Draw a right triangle with angle \(\displaystyle \theta\), "near side" x, and "opposite side" 1. That way \(\displaystyle cot(\theta)=\) "near side"/"opposite side"\(\displaystyle = x/1= x\) so \(\displaystyle sin(cot^{-1} x)= sin(\theta)\)= "opposite side"/"hypotenuse". The "opposite side" is 1 and, by the Pythagorean theorem, the "hypotenuse" is \(\displaystyle \sqrt{1+ x^2}\):

\(\displaystyle sin(cot^{-1}(x))= \frac{1}{\sqrt{1+ x^2}}\).

Now, draw a right triangle with angle \(\displaystyle \phi\), "opposite side" 1 and "near side" \(\displaystyle \sqrt{1+ x^2}\) so that \(\displaystyle tan(\phi)= \frac{1}{\sqrt{1+ x^2}}= sin(cot^{-1}(x))\) and so \(\displaystyle \theta= tan^{-1}(sin(cot^{-1}(x)))\).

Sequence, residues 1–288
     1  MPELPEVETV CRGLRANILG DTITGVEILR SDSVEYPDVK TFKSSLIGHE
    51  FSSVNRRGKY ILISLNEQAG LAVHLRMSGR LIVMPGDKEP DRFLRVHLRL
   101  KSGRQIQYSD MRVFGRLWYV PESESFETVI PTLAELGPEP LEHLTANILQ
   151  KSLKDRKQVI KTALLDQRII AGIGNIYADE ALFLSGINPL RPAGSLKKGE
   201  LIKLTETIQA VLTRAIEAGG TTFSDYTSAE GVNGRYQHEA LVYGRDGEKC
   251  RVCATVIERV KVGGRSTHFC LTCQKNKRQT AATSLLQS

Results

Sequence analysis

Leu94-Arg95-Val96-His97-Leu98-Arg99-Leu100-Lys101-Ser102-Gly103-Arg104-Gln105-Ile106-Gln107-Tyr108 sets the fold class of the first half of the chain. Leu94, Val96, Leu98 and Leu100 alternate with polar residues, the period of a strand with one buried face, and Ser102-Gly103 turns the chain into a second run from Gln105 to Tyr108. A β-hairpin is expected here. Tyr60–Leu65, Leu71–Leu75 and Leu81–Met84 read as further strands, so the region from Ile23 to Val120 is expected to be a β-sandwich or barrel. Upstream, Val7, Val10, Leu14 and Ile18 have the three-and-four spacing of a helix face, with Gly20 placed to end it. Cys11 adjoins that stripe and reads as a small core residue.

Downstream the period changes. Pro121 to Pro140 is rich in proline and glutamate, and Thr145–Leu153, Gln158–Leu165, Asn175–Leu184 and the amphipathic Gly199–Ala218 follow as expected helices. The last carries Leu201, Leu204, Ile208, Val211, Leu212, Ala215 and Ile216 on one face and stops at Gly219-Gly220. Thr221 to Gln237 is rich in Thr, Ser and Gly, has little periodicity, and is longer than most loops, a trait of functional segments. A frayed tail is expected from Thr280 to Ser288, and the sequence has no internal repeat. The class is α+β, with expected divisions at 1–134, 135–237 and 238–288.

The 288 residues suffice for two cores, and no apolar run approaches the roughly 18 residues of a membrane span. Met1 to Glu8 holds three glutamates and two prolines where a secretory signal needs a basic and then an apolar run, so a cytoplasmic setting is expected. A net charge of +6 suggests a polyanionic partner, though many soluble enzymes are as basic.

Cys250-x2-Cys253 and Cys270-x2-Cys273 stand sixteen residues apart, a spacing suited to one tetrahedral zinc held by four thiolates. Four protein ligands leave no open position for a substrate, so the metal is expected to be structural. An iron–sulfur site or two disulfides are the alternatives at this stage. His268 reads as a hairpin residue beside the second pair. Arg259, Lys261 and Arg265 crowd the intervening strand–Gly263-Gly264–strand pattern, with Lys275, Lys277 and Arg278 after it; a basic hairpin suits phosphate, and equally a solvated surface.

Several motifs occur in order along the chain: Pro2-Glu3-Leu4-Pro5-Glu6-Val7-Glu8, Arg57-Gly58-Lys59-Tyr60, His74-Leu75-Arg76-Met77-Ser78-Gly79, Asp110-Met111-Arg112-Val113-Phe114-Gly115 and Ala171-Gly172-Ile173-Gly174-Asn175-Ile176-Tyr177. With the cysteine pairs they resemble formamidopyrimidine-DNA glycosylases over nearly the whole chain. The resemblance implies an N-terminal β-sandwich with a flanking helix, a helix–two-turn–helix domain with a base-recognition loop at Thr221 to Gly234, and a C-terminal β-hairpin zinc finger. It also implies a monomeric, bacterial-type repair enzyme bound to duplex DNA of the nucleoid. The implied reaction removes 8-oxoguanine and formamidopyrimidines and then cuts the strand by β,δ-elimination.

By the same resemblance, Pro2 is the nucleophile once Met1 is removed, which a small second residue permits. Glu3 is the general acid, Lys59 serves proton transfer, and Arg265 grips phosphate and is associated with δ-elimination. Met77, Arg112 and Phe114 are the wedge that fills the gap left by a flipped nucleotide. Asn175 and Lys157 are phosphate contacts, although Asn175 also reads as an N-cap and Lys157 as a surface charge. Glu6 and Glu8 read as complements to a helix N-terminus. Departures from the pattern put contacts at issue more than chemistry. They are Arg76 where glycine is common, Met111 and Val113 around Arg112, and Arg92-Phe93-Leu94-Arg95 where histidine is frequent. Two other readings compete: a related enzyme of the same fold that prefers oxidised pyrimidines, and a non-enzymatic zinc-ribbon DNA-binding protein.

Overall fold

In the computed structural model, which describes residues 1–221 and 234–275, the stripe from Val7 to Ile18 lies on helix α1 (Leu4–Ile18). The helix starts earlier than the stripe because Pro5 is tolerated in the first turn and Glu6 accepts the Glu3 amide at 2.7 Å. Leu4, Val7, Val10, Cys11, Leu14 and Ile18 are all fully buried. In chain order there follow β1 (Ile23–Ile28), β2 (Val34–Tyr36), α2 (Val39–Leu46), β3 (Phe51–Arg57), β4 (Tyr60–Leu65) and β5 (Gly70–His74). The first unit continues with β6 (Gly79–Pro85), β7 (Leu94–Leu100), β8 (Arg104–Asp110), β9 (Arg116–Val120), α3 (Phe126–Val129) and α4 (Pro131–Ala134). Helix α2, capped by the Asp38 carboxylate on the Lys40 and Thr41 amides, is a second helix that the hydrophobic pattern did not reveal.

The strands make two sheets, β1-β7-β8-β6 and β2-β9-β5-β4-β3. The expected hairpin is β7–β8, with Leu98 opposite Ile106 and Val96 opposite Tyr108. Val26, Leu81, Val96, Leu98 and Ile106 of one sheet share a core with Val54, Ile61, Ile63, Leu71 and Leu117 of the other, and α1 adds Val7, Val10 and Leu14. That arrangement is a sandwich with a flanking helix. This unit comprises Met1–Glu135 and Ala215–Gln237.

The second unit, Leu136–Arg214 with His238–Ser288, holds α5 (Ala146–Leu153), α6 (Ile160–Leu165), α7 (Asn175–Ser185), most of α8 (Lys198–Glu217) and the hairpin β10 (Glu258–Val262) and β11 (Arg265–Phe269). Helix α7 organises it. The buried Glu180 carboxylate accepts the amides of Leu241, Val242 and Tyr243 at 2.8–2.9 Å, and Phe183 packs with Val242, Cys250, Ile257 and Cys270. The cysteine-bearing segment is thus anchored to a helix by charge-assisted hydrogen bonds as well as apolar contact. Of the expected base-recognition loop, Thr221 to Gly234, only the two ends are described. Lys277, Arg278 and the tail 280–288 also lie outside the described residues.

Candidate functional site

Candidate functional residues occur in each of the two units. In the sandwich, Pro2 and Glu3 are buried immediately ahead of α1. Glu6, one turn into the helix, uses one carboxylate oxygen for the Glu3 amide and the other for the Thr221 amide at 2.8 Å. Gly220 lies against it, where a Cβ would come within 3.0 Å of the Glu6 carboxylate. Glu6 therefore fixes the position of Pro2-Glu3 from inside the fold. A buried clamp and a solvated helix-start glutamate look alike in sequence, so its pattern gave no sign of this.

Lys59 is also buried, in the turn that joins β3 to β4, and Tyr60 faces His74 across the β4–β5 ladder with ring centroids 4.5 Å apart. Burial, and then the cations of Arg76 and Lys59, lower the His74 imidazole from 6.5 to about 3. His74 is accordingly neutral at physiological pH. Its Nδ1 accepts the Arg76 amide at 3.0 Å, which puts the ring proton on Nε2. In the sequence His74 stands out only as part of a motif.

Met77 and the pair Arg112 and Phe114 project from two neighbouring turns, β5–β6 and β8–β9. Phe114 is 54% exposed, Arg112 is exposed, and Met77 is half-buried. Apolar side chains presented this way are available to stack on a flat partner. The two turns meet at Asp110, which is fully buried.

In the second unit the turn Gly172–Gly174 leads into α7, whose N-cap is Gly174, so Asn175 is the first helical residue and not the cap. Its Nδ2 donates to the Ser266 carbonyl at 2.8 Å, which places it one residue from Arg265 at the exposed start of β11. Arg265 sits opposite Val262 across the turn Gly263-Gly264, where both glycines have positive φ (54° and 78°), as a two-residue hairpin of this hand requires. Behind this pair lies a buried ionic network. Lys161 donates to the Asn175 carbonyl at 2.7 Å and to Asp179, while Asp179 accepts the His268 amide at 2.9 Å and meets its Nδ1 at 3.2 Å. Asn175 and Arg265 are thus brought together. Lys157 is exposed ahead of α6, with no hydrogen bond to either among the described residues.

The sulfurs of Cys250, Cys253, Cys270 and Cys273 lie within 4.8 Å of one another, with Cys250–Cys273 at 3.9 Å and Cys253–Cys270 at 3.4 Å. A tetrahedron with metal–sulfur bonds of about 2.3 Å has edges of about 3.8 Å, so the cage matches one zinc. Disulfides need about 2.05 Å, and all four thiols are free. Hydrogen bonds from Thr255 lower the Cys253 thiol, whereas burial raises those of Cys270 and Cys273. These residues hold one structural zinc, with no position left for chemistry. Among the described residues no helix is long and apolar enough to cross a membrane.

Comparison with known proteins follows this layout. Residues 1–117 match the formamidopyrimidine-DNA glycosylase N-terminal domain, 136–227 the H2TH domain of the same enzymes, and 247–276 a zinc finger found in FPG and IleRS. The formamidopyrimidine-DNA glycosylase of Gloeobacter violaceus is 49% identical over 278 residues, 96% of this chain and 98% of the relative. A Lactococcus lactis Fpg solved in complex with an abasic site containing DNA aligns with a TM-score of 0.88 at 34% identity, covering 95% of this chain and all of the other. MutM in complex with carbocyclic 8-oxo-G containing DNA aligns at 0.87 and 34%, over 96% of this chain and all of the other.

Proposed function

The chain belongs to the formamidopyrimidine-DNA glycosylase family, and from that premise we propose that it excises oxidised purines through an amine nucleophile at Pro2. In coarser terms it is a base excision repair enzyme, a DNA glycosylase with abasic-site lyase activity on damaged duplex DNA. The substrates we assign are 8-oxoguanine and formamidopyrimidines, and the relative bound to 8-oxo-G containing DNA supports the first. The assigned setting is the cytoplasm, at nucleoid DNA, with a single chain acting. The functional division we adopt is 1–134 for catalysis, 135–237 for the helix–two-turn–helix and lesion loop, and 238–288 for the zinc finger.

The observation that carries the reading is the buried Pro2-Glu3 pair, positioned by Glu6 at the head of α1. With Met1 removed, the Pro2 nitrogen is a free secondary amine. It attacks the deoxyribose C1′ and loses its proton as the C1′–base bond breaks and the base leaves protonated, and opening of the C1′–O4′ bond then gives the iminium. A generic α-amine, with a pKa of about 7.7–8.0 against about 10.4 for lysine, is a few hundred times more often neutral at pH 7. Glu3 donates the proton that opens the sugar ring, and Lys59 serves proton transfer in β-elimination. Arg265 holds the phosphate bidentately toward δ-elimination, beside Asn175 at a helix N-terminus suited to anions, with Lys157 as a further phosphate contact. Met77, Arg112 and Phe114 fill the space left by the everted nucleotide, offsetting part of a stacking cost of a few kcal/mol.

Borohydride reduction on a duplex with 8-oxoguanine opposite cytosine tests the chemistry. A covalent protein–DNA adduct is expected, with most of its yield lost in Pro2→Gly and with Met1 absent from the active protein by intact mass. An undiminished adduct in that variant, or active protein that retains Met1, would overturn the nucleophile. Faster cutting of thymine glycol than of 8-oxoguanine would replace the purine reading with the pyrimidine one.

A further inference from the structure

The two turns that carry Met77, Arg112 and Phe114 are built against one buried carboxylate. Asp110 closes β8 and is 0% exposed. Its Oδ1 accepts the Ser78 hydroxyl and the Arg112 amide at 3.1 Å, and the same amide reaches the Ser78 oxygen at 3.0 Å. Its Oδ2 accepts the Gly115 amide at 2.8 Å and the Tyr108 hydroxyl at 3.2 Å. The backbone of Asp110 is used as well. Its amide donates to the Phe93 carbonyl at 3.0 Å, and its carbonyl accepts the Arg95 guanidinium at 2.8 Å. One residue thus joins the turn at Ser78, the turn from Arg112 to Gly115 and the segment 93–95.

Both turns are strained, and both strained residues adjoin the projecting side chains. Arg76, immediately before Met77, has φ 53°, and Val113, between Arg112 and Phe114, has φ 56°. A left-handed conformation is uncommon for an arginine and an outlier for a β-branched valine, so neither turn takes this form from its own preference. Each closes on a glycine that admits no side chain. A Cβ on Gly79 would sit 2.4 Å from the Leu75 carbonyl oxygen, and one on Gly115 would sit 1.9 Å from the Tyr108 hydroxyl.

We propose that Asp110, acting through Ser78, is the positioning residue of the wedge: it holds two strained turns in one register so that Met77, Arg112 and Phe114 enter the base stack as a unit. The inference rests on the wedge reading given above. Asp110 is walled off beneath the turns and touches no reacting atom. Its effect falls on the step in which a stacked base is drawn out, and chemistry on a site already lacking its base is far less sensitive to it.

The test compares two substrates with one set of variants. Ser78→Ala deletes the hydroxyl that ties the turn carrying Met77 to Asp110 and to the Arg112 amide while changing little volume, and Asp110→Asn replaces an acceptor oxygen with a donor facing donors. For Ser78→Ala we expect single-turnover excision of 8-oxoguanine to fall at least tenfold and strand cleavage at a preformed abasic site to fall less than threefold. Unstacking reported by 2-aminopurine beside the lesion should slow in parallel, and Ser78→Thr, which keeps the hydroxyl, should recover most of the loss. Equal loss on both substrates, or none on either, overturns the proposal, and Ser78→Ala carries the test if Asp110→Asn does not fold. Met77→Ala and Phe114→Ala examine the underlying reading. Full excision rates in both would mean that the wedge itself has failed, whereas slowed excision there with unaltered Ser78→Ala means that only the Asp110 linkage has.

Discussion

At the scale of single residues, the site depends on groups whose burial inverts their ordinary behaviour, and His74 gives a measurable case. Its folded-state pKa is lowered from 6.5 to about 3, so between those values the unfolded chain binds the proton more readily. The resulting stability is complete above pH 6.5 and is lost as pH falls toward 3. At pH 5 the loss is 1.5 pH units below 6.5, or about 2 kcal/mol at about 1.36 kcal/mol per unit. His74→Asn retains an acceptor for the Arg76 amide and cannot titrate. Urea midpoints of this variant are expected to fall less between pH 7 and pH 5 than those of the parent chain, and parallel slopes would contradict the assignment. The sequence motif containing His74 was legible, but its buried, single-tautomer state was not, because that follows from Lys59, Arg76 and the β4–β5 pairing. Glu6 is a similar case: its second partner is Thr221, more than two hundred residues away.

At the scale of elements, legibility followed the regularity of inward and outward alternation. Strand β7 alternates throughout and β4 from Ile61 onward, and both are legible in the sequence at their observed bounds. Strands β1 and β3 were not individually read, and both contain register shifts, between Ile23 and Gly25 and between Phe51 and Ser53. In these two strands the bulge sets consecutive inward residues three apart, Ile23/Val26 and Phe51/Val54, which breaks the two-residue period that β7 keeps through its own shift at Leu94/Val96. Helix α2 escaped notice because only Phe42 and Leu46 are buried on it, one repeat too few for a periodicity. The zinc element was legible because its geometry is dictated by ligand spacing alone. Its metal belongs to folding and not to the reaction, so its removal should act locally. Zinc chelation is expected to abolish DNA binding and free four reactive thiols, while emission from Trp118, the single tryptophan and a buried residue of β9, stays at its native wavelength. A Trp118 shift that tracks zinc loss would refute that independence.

\(\displaystyle cos(tan^{-1}(sin(cot^{-1}(x))))\) is the "near side"/"hypotenuse" for this triangle. Since the "near side" is \(\displaystyle \sqrt{1+ x^2}\) and the "opposite side" is 1, use the Pythagorean theorem again to find the hypotenuse of this triangle.